Fisher-Price Smart Teddy Bear Latest IoT Toy Under Hacker Scrutiny
The latest device with a security vulnerability is Fisher-Price's Smart Toy, as flaws in the connected Internet of things world continue to mount.When it comes to the emerging Internet of things world, security vulnerabilities can exist almost anywhere, including in a child's teddy bear. Security vendor Rapid7 today disclosed a vulnerability in the Fisher-Price Smart Toy, which could have enabled an attacker to gain access to user information. Rapid7 responsibly disclosed the flaw to Fisher-Price, and the toy vendor has already patched the issue. "The Fisher-Price Smart Toy device is a teddy bear that has an integrated Android 4.4 operating system in it," Tod Beardsley, security research manager at Rapid7, told eWEEK. There is no local security controls on the device, so if someone has physical access to the device, it is possible to get an Android Debug Bridge (ADB) shell to get complete system access, Beardsley said. The lack of local access security, however, is not what concerns Rapid7, since the assumption exists that if someone already has physical access to the device, they probably know the owner. Of greater interest are the remote access vulnerabilities that Rapid7 found that could have enabled someone without physical access to the toy to get personal information. Fisher-Price did not properly secure the Web APIs it uses for the back end of the Smart Toy, potentially giving an attacker access to customer profile information, including name, birthday, gender, language and which toys have been registered. Going a step further, Beardsley said that an attacker could have deleted or modified a child's profile.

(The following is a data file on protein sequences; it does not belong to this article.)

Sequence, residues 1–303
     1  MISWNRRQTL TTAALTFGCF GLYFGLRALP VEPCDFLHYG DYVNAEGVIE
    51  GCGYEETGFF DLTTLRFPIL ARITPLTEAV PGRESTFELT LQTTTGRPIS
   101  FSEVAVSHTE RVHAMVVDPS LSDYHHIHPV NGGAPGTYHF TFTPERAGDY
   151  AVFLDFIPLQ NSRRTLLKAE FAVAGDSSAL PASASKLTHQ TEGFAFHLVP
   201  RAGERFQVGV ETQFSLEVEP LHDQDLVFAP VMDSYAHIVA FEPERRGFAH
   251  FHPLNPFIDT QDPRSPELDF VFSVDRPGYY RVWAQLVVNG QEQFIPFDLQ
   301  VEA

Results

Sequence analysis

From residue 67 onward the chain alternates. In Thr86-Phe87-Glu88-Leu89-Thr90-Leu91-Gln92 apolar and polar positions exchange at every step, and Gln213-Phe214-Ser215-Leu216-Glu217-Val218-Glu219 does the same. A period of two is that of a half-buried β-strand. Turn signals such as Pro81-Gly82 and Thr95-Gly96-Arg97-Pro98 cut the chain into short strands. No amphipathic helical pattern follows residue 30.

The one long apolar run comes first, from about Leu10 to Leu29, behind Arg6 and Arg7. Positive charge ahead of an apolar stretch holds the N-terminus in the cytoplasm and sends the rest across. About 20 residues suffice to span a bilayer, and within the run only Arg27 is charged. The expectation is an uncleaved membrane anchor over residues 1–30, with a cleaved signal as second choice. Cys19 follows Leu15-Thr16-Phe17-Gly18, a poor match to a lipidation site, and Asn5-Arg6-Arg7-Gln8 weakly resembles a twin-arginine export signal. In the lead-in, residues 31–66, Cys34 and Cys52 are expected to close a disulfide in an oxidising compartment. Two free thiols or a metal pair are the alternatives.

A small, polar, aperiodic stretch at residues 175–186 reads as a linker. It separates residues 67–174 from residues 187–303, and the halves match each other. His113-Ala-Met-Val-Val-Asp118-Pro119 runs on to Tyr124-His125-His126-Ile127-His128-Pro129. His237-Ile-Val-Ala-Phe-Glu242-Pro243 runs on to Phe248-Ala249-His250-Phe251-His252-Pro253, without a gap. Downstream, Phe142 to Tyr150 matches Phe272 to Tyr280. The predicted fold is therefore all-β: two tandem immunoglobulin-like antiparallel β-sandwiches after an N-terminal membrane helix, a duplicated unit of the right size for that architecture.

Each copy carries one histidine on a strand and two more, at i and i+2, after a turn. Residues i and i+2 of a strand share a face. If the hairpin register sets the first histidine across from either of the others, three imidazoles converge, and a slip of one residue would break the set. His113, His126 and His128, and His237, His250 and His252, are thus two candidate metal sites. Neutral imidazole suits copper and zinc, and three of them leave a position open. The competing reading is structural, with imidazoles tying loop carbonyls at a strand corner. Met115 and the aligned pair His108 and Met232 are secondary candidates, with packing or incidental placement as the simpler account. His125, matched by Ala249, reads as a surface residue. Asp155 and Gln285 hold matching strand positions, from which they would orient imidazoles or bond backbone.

The core flaw, which is identified as CVE-2015-8269, is an improper authentication handling vulnerability. Beardsley explained that the Web back end for the Smart Toy would let anyone attempting to access the site assert that they were any customer ID.